Mining water and metal from the moon at the same time

In-situ resource utilization (ISRU) is becoming an increasingly popular topic as space exploration begins to focus on landing on the surface of other bodies in the solar system. ISRU focuses on making things that are needed to support an exploration mission out of materials that are easily accessible at the site being explored, like European explorers in the New World building canoes out of the wood they found there.

Recently NASA’s Institute for Advanced Concepts (NIAC) has started looking more closely at a variety of ISRU projects as part of their Phase I Fellows program. One of the projects selected, led by Amelia Grieg at the University of Texas, El Paso, is a mining technique that would allow explorers to dig up water, metal and other useful materials, all at the same time.

Most ISRU schemes focus on using water, as it important for many exploration efforts. However, those schemes usually discard the rest of the material that is gathered in an effort to collect the water. The focus of the proposed new scheme is to use a novel type of mining to extract both water and whatever extra materials might be picked up as part of the water mining process.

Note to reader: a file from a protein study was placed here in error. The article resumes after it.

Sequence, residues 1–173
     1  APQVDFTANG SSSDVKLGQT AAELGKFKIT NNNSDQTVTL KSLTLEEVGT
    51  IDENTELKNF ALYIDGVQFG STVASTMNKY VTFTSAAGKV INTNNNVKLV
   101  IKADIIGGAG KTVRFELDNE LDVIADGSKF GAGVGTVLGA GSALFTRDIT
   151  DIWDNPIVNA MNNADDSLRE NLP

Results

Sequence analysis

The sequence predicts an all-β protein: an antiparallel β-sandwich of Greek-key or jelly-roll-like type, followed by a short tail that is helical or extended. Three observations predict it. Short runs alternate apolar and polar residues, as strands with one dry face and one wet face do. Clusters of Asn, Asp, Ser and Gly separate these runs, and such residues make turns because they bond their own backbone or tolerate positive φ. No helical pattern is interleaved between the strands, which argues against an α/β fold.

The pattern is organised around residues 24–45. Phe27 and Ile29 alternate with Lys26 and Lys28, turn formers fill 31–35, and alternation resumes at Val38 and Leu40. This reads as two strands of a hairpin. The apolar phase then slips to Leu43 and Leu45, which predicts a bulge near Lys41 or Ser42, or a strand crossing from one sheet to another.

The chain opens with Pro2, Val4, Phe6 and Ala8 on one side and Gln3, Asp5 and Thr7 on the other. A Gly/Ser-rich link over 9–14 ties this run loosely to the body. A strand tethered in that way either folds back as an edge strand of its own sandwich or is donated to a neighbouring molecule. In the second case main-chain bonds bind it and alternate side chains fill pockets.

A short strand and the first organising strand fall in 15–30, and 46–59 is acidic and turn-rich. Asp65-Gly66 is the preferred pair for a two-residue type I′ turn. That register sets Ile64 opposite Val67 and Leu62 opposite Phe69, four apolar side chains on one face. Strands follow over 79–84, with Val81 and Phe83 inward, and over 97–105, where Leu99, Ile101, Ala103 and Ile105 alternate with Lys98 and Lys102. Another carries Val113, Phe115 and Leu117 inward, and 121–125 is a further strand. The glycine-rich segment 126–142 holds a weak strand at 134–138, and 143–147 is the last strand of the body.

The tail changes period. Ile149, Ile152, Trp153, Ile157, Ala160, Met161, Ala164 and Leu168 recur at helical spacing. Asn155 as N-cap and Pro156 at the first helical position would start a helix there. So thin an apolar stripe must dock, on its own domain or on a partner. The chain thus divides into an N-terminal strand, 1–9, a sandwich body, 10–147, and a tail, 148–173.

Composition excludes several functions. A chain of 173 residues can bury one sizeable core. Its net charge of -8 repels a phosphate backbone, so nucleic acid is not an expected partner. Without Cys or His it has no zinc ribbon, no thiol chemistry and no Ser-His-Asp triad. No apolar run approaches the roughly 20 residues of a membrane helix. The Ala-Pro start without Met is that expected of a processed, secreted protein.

That process uses a novel technique called ablative arc mining. In this iteration, arc mining involves creating an electric arc across two electrodes that would break any material it came into contact with into ionized particles. These ionized particles are then guided, via a series of electric fields, into capture chambers where other ions of a similar type are housed.
Credit: Universe Today

Credit: Science & Futurism
The concept of using electricity, rather than thermal ablation, provides a much higher throughput of particles, allowing the mining process to proceed much more quickly. However, creating an arc in the moon’s almost non-existent atmosphere requires a significant power source. Any such system would have to be moderately bulky, but that is not necessarily a disqualifier for an all-in one metal and water mining system.

As part of the NIAC program, Dr. Grieg and her team will focus on defining a system that would be capable of harvesting 10,000 kg of water per year. Any such system would have to be compared to alternative mining systems, however, and Dr. Grieg plans to do just that.

A lunar mining facility harvests oxygen from the resource-rich volcanic soil of the eastern Mare Serenitatis. Credit: NASA/Pat Rawlings
Extraterrestrial mining, no matter the location, could eventually prove to be a trillion-dollar industry. With technologies like this ablative arc mining concept, NASA is continuing to support them as they take one step forward toward becoming a reality.

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